Recently, we encountered this three minute video essay by Daniel Pink that you should watch before reading the blog post that follows.
After watching this video essay, we had many thoughts, including, “Wow, this makes writing persuasive essay infinitely more interesting!” We imagined showing students this video and studying how Daniel Pink uses literary devices, such as alliteration, exaggeration, emotional appeal, and research to make his case. We envisioned students working with partners and video cameras on playgrounds, in subways, in school cafeterias. We saw them working to perfect their inflection as they deliver carefully crafted messages about topics that matter to them.
However, in addition to the teaching possibilities we saw in this video, we found ourselves thinking a lot about Daniel Pink’s message, which seemed to be asking us to consider how our best intentions may inadvertently be doing more harm than good. For example, Pink questions the value of parents being on the sidelines and says, “When kids look to us for approval, consolation, or even orange slices, part of them is distracted from what really counts: the mastery of something difficult, the obligation to teammates, the game itself.” While we are very hesitant to suggest (or even practice) skipping children’s sporting events, something in Pink’s message rings true for us.
The video made us think about students we’ve encountered who demonstrated a learned dependency on the teacher. One kindergartner was working hard to read a book that contained the word “seaweed.” When he arrived at this word, he used several strategies to figure out the word and got it right! What made this especially interesting was when he got it right; he looked to his teacher for confirmation. Instead of telling him whether he was right or wrong, she encouraged him to use what he knew about the meaning of the story as well as letters and sounds to confirm for himself if “seaweed” was correct which stopped this kindergartner dead in his tracks. He refused to turn the page until she told him he was right!
On the one hand, this may seem like an extreme example of a lack of student agency, however, on the other hand, it makes us wonder about and take notice of the things we may be doing to cause such interference with student agency. When we stepped back and took a long hard look, we noticed that oftentimes, when kids are working to figure things out, we begin to eagerly nod our heads, communicating that they are on the right track. When students get things right, especially hard things, we have a tendency to clap wildly and tell them how impressed we are with them. While these behaviors are rooted in our intent to be supportive and encouraging, if the “game” of reading involves teaching children how to integrate print and meaning–independently and proficiently–we fear these behaviors may be distracting them from the very thing we aim to teach. For example, when we nod and cue students that they are correct, students have no reason to cross check for print and meaning anomalies themselves. Similarly, our enthusiastic applause reinforces that getting it “right” is what we’re going for which perpetuates fixed mindsets about learning. This leaves us wondering how we communicate support and encouragement without interfering with student agency.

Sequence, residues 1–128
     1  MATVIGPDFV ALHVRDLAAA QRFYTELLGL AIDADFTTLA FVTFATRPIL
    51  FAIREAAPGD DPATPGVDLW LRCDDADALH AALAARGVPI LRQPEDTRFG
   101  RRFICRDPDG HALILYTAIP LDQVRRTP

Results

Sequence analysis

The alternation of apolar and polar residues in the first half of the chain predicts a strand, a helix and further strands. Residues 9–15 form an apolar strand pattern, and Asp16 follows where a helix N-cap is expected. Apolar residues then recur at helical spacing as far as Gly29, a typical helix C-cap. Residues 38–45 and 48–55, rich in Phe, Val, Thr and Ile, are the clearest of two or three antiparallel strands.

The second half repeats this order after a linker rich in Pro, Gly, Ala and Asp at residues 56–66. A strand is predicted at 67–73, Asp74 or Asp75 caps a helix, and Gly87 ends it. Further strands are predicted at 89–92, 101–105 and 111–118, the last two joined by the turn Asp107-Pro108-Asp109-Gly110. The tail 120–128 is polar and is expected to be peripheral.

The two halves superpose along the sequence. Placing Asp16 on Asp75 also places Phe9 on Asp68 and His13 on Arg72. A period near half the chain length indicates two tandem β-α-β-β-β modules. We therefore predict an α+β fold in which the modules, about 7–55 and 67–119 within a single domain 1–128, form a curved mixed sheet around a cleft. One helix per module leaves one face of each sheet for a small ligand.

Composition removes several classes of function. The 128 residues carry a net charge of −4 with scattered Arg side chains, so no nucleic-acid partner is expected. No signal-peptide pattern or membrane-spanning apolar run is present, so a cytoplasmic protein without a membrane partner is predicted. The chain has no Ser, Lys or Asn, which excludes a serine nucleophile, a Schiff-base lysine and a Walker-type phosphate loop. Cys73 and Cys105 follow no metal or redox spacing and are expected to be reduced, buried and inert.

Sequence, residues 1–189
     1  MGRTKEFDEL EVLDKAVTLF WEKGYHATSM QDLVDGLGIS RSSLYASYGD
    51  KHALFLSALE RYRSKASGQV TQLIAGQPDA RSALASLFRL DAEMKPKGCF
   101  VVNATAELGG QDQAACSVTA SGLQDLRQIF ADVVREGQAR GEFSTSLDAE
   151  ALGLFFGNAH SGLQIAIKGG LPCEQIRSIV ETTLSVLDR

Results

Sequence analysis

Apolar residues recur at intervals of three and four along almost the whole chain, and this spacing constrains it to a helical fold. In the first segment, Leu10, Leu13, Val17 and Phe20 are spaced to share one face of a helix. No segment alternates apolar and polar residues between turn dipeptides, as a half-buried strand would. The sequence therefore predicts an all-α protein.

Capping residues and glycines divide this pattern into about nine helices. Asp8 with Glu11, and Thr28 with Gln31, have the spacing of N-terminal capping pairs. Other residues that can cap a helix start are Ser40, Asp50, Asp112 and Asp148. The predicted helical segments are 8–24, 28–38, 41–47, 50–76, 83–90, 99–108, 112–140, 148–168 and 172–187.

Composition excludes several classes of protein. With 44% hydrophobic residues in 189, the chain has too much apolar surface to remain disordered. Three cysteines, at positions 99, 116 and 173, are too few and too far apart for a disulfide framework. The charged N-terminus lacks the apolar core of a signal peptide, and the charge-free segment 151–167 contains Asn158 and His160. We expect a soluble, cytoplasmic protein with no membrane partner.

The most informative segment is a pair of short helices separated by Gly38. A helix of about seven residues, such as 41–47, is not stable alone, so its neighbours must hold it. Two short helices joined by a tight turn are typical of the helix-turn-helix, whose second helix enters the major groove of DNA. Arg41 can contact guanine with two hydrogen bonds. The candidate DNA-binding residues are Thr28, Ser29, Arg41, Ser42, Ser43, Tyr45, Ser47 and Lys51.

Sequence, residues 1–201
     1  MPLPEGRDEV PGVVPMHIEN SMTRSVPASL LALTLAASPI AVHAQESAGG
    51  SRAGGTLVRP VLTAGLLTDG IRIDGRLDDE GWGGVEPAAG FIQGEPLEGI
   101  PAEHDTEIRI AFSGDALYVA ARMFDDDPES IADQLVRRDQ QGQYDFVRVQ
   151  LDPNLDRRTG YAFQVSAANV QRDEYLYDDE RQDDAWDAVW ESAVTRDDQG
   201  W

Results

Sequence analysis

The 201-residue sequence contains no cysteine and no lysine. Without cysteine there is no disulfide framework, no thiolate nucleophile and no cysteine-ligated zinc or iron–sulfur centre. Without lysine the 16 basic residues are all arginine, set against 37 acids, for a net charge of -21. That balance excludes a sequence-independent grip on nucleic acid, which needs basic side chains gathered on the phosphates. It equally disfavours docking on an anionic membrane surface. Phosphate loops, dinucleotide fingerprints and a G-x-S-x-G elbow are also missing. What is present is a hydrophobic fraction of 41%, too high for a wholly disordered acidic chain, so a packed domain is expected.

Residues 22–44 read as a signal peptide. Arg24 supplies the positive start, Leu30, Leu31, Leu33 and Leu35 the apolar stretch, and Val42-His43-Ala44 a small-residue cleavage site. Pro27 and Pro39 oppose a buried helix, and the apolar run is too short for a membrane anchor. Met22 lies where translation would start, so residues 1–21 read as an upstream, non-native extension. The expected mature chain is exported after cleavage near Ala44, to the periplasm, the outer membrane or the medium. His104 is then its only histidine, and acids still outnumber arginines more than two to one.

As difficult as it has been, one thing we’ve been working on is toning down our body language. When students look to us as if to ask, “How did I do?” we smile and say, “Wow, you’re working hard.” When they follow up with, “Yeah, but is that right?”, we follow up by asking them what they will do to find out.. The following is a list of prompts that we have found communicate to children that we encourage and support them while at the same time empowering them to figure things out for themselves:
- Does that match? (Be sure to ask this when students make mistakes as well as when they don’t make mistakes!)
- What will you try?
- How do you know?
- How else do you know?
In the same way that Daniel Pink explains why so many parents are compelled to attend their children’s sporting events (because it’s “a leading indicator of parental awesomeness!”), we think some of our cheerleading and affirmative body language were meant to communicate our teacher awesomeness. What we’re realizing now, however, is that the most awesome teachers are the ones that build children’s confidence AND teach in ways that truly release the responsibility of learning which means sometimes we just have to get out the way and let kids think for themselves.
We are exploring these ideas within the context of building a classroom community in a live webinar (presented by Kim) during Chris Lehman’s EdCollaborative Gathering this Saturday at 11:00.
Beginning October 5th, we are also facilitating an online class–Teaching the Growth Mindset— through Brenda Power’s Choice Literacy, which will explore mindset and teacher language in depth.
Finally, this week we will put the finishing touches on our last chapter of our new book, Who’s Doing the Work? (Stenhouse), which will roll out this spring. It looks closely at mindset and the gradual release of responsibility as they relate to the interconnected instructional contexts–read aloud, shared reading, guided reading, and independent reading. We are excited to share it with you, so please look for it in early spring.